Everything you say is correct Richard, and well said. But I can't help feeling a little sad that you are knocking yourself out to do this when nothing will come of it (as nothing has to date).|
ICANN's new [icannwatch.org] lease on life (which has received surprisingly scant coverage, negative or otherwise) means that they are now even more empowered to stonewall, mislead, and generally act in the abominable fashion we have all come to know and hate. Job One of their new mandate is to:
...implement an objective process for selecting new Top Level Domains... Now they can stretch that out for another three years and at the end of that time come forward with a process. Not new TLDs, mind you, just a process.
The call for new TLDs was also a prime reason for the creation of ICANN in the first place. They could not have made more of a mess of that if they had tried (and some suspect that that is exactly what they did). I submit that it is time to look past ICANN, and past the USG which has likewise bungled its self-appointed role of overseer. Even Americans opposed to the ICANN hegemony seem to hold little sway with their government, and I must admit I have seen little evidence that many of them tried very hard, though perhaps I am being unfair.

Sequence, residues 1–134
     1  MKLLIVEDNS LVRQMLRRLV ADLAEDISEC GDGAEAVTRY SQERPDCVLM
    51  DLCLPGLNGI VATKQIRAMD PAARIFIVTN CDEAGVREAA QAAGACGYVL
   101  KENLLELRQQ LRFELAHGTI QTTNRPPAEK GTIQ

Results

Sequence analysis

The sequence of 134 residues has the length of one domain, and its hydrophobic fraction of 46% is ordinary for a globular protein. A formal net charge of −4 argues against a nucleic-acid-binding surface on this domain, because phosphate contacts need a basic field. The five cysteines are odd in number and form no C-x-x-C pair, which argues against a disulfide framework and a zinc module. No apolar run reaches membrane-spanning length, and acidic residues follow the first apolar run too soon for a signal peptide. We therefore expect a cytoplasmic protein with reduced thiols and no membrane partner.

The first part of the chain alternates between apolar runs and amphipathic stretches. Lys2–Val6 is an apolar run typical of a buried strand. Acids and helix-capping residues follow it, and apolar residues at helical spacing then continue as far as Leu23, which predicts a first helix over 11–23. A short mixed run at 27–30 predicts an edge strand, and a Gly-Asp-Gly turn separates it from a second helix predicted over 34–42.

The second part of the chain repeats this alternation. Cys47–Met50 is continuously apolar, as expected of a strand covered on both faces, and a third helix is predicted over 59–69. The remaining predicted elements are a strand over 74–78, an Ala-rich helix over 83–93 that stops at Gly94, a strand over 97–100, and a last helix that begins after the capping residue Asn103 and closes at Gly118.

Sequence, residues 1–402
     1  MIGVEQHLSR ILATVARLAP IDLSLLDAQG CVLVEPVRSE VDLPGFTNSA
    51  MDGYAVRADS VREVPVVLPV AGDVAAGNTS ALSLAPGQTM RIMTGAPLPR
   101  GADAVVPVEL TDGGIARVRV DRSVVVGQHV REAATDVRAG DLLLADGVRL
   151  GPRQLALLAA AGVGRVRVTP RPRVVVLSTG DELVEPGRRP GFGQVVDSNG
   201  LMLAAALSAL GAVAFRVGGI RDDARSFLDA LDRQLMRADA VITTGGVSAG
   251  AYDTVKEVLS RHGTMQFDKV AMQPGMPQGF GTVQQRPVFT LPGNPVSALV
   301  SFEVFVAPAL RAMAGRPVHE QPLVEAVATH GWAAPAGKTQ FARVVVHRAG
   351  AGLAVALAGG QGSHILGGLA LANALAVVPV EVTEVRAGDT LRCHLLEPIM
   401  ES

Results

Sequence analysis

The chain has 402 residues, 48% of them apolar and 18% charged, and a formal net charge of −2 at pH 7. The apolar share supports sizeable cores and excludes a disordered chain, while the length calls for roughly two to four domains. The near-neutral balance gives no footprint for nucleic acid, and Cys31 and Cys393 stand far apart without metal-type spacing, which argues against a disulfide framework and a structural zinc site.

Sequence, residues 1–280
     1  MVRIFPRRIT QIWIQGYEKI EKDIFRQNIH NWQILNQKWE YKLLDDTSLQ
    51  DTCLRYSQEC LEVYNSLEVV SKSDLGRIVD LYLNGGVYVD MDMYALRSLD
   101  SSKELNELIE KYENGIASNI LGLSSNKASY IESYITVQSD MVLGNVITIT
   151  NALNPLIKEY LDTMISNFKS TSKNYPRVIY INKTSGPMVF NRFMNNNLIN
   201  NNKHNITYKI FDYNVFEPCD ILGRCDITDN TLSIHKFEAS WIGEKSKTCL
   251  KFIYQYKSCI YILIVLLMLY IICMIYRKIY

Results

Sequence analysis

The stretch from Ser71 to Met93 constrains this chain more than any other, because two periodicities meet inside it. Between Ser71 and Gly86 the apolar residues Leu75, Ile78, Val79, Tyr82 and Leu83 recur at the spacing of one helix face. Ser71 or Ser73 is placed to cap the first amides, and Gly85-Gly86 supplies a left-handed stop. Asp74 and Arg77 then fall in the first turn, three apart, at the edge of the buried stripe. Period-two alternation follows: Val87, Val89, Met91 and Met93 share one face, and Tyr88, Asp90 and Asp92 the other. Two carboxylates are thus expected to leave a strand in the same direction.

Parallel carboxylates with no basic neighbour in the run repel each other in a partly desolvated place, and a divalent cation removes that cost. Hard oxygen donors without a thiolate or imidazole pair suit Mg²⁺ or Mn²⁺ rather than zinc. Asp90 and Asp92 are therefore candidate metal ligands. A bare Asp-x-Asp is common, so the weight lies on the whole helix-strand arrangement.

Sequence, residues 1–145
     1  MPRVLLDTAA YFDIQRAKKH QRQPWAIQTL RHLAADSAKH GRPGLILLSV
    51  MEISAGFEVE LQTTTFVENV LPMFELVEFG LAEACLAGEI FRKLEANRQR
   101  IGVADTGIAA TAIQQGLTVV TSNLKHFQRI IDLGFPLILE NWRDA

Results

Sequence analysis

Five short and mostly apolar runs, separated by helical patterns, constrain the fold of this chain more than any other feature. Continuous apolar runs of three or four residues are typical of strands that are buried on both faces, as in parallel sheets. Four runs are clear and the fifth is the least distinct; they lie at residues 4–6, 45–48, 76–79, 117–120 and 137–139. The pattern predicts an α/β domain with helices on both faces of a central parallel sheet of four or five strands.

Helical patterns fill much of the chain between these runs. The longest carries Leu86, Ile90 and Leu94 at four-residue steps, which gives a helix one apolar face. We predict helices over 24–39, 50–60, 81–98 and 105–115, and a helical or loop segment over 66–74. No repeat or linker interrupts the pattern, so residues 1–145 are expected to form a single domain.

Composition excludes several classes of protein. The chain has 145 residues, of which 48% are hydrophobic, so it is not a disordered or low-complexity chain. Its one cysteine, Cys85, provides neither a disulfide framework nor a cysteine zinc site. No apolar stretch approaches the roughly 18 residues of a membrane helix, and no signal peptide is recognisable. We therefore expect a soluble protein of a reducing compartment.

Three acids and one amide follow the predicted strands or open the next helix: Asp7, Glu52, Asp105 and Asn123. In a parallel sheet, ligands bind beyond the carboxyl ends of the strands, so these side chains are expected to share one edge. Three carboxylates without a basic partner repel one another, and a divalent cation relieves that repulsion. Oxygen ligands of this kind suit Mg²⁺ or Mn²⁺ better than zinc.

You, I, and others being foreigners are given even shorter shrift. As the saying goes: thing globally, act locally. I urge you to get in touch with your own government, explain your concerns, educate them on the finer nuances if need be. I am attempting to do so here in Canada and it isn't as hard as it might sound. There is a natural aversion to the USG having sole control of the internet's off switch. Additionally at least our two ccTLDs (and many of the other large ones) have not bought into the ICANN groupthink, nor have the RIRs. They know, probably better than we do, what a crooked outfit ICANN is, and sooner or later much of the rest of the world may just let ICANN and the USG take their ball and go home. -g